Source Code: The Emergence of Rittvikvāda

There Never Was a Rittvik Dispensation

by Kailäsa Candra däsa

Never ascribe to conspiracy
what can be adequately explained by incompetence.”

Napoleon Bonaparte

The devotees and/or fanatics who have affiliated themselves with various Rittvik factions throughout America, Europe, and India would have you believe that His Divine Grace Çréla Prabhupäda intended their particular rittvik-in-absentia movement as a new bhakti dispensation, to be adopted by his organization after his departure from physical manifestation in late 1977. There is scant evidence for this contention, and whatever evidence there is for it is either weak or very weak. On the other hand, there is—both cumulatively and specifically–strong logical and traditional evidence that he never intended any such system to be institutionalized for his branch of the Gauòéya sampradäya. This article will present examples of that stronger and bona fide evidence.

All Emphases Added for Your Edification and Realization.

Rittvik did not emerge as some kind of conspiracy. Instead, it was and remains little more than a cent-per-cent reaction to the oppressive “ISKCON” imposition. The extreme inequality represented and fostered by the eleven pretender mahabhägavats throughout the late Seventies and most of the Eighties was also not the result of a conspiracy. Instead, it was the inevitable result of their aggrandizement and misuse of institutional power (for years), combined with their policies, especially in terms of their control of the governing body. Everything had been rigged for well over a decade previous to the emergence of the unauthorized Äcärya Board in the spring of 1978.

Not only was there never a broad reform of their self-serving monopoly, there was no reform to their policies whatsoever at any time. They had achieved a loose consensus by 1978, but their whole scam was battered in the early Eighties, and it was on the verge of cratering just before the emergence of Rittvik. The aforementioned inequality was not addressed in any fundamental way by the Second Transformation (led by The Professor) of the mid-Eighties, and the growth of the Hare Kåñëa movement continued to be crippled. As a result, on the scantiest of evidence, a Rittvik concoction emerged.

Despite running a course according to its own incompetent track record and biorhythms, it has nevertheless managed to establish some momentum that is still pulsing throughout much of the devotee community today. Before we can understand Rittvik in a comprehensive way, however, we first must understand the history and underlying principles of its emergence.

After understanding generically what Rittvik is, it becomes just as important to also understand how it became an ontological entity. Rittvik did not manifest in a vacuum. The reasons that Rittvik emerged from the ocean of nescience are manifold but not overly complex; they will be concisely covered in this article. Root misconceptions had—and continue to have–a lot to do with it, but Humpty Dumpty didn’t just fall off the wall–he was pushed. When something such as the Rittvik concoction emerges–something that had absolutely no influence whatsoever in Çréla Prabhupäda’s movement prior to his disappearance (and even for at least a decade after that)–we cannot simply dismiss or ignore the causes which led to its disturbing emergence.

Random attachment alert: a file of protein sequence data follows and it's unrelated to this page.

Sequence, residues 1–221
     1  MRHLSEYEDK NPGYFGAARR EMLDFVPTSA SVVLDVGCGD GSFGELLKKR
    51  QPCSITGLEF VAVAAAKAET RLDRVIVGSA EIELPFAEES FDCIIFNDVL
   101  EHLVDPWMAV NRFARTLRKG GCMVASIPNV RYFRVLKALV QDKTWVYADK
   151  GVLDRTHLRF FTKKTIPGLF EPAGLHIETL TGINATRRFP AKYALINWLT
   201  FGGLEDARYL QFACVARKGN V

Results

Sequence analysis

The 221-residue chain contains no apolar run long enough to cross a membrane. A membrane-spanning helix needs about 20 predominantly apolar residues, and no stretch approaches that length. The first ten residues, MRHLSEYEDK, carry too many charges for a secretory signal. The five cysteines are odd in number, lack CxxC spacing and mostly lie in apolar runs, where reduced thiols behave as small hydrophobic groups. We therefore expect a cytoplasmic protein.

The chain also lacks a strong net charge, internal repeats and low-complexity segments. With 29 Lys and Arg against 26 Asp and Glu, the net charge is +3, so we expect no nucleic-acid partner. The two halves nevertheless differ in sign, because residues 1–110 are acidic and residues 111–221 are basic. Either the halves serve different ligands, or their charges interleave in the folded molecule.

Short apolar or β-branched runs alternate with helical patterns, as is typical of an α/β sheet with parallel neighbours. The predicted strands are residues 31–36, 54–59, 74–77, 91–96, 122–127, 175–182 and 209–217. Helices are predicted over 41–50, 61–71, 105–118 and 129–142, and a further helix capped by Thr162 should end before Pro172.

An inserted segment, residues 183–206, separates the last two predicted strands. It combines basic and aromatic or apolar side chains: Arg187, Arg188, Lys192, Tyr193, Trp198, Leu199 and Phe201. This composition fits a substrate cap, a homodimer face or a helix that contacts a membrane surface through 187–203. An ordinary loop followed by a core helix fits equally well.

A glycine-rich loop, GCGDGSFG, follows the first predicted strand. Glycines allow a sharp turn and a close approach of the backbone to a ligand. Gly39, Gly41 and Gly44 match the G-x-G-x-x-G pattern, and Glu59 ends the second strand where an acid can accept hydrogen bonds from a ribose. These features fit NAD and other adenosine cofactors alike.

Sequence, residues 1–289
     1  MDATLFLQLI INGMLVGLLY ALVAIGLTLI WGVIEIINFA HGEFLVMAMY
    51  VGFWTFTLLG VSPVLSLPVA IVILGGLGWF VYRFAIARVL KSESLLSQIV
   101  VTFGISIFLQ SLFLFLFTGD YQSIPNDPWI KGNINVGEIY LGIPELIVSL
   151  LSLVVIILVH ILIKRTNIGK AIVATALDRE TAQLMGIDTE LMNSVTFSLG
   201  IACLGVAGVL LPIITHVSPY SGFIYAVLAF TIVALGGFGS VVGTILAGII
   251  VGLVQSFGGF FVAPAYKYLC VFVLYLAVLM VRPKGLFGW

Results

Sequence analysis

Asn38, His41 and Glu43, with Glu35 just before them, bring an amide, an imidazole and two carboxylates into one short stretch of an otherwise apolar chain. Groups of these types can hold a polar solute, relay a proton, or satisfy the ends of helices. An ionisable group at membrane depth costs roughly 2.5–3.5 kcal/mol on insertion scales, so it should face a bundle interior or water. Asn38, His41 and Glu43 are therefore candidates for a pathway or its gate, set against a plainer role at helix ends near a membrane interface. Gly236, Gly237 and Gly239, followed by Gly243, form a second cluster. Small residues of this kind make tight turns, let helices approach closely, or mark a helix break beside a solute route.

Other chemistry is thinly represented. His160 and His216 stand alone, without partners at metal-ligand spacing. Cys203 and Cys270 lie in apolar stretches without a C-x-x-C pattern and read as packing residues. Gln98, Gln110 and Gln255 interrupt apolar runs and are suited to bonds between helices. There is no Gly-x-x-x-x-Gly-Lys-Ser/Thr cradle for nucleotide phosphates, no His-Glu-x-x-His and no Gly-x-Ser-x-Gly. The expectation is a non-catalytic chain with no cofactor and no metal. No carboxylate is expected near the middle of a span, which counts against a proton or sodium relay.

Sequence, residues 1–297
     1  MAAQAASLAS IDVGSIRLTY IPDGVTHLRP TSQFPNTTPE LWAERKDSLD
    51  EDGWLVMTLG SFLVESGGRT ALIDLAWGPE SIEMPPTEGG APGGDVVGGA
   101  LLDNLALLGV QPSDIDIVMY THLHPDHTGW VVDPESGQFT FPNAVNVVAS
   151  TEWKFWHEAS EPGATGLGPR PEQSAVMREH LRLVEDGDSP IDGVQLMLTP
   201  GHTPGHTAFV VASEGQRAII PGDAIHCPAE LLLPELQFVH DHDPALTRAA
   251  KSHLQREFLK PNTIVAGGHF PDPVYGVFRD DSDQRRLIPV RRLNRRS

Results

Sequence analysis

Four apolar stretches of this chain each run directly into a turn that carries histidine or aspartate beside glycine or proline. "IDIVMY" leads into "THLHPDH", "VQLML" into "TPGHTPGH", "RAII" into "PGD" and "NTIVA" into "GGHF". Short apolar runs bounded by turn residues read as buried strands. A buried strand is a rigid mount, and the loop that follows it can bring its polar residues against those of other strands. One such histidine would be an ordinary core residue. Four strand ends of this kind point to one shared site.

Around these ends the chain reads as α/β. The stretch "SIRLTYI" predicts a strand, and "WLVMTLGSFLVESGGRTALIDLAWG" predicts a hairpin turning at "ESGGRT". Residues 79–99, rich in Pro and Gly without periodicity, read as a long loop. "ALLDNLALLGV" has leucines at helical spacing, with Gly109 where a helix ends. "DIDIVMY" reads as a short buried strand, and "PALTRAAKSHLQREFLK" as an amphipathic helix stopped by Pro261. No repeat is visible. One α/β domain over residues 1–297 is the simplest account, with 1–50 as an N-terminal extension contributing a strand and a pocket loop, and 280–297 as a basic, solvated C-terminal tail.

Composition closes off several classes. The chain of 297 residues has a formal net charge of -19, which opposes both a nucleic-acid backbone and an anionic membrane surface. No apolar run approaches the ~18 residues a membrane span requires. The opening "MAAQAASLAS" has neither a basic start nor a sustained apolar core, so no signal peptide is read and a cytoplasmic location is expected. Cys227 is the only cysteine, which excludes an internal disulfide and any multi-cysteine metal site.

A Post-Samädhi Rittvik Concoction

As most of you know, His Divine Grace Çréla Prabhupäda, in the Seventies, utilized rittvik-äcäryas or officiating äcäryas in the matter of conducting the ceremonial rituals of his initiations. Previous to that, he conducted all initiation fire sacrifices himself, as well as all of the other particulars involved in initiating new disciples. As his movement grew in size, this protocol became impractical and then, more or less, impossible. As such, he ordered senior disciples to conduct these ceremonies on his behalf. Sometimes he was present for these later initiation yajïas, but often he was not.

Those rittvik-äcäryas were never the center of attention nor were they worshiped. For example, your author was first initiated (receiving Harer Näma) in a mass initiation ceremony held at the Moundsville compound in September of 1972. An estimated fifty devotees were initiated at that time. There were two rittviks involved in it. After the fire sacrifice, the newly-initiated disciples formed a line (your author was approximately fortieth), and each disciple thus approached Çréla Prabhupäda on his Vyäsäsana, bowed, chanted Prabhupäda’s präëam mantras, and received his or her japa mälä beads. His Divine Grace only spoke to two of them, your author being one of those.

There were two rittviks at the foot of Prabhupäda’s elevated seat. Each one handed up a set of japa beads to Prabhupäda, and, after giving the disciple his or her new name, His Divine Grace handed that set of beads to the newly-initiated devotee. One of those rittviks had also performed the fire sacrifice moments before, as Prabhupäda had looked on. No one was centering his or her attention on either of those two men; rapt attention by all of the new disciples was on His Divine Grace Çréla Prabhupäda.